North East and Frontiers Financial Institution WAW Changes Name, Logo and Colors | border mail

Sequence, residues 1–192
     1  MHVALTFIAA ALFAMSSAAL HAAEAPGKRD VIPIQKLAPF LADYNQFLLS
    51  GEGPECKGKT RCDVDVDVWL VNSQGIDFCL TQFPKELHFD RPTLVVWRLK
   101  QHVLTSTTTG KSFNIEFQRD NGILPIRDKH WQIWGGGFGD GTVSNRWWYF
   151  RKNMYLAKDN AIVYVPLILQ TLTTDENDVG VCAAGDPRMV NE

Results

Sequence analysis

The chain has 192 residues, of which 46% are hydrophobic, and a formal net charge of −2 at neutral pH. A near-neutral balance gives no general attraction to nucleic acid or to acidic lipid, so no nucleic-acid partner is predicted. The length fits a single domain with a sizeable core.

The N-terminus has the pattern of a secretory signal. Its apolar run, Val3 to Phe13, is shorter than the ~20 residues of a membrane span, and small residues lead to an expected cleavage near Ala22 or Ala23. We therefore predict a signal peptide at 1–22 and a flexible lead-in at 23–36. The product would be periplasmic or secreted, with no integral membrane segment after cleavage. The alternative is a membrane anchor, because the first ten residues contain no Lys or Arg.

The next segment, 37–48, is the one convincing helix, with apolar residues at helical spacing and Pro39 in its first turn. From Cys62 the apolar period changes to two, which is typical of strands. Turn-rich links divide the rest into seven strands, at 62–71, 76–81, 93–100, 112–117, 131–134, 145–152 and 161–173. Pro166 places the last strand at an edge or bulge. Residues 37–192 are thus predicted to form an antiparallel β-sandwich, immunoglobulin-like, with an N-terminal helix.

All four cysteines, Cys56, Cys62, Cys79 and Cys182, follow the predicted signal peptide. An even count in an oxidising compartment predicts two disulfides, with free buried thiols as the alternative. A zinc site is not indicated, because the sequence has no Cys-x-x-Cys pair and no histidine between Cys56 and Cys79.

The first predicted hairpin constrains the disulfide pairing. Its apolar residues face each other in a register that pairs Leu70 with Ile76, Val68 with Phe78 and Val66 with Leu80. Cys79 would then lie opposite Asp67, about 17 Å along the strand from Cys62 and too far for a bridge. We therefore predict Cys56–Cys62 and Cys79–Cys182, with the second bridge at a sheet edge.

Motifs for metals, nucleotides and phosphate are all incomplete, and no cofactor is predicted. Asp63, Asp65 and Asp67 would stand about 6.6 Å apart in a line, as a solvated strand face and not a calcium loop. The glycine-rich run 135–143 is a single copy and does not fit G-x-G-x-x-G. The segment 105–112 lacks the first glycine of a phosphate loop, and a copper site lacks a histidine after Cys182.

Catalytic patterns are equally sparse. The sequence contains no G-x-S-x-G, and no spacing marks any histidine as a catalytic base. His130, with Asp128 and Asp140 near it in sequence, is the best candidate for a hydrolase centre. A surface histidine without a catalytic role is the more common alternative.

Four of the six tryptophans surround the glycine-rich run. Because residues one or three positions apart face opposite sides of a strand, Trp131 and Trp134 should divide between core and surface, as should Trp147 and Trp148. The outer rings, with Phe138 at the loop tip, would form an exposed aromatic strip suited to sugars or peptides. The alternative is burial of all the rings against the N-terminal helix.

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WAW Credit Union has become BankWAW and its green brand is also changing as part of a makeover that will cost up to $500,000. The new business name launched Wednesday with a fresh logo and colors that featured on transaction forms, brochures, posters and apparel for 85 employees. Chief executive Michael Mack said the change lasted two years, with consumer uncertainty about credit union provisions a driving factor. “Research has shown that people understand less and less about what products a credit union offers and how a credit union works, even though we have a banking license,” Mack said. IN OTHER NEWS: Border residents feel pinch with housing stress levels through the roof Cyclists pedal past $62,000 in 24-hour fundraiser for cancer center’ More V/Line services are needed on the Northeast Line” “So bringing the word ‘bank’ into the logo is a really important way to show people what we do, more than who we are.” WAW, which had a ‘Smart Banking’ label, follows fellow border lender Hume Building Society which became Hume Bank in 2014. However, changes made by the Australian Prudential Regulation Authority in 2018 mean WAW has not had to hold more than $50 million in base capital or undertake a membership vote like Hume did to effect change. “We’re still owned by our customers, we’re still a credit union, but we’ve incorporated the word ‘bank’ to show people what we do, rather than change who we are,” Mack said, noting that his organization has always had a banking license. The change will see green, which has been part of the WAW image since 1980, dropped in favor of the colors coral, ocean slate and white. Mr. Mack said the new shades were chosen because they were unique in its industry and would stand out. An estimated $400,000 to $500,000 will be spent on rebadging, with signage at branches changing in six to eight weeks. WAW board chair Fiona Shanks said the timing of the change was designed to minimize waste. “We’ve made a very conscious decision to be very sustainable in our rollout, so we’ve let the stocks run out, we’ve thought about that carefully and are very respectful of the financial impacts, so we’ve committed to doing that on a phased state rather than a rapid and full roll-out which is expensive,” Ms. Shanks said. Asked about the fate of the 13 branches that serve 25,000 customers, Mr. Mack said their operations would be reviewed as electronic transactions become more difficult. He said more members had joined the Lavington branch after major banks closed outlets in the area and being the only full-time financial institution in Corryong had also boosted clientele in Upper Murray.The WAW stands for Wangaratta, Albury, Wodonga, reflecting its area and the names of the former credit unions from which it amalgamated. Journalists work hard to provide local, up-to-date news to the community. Here’s how you can continue to access our trusted content:

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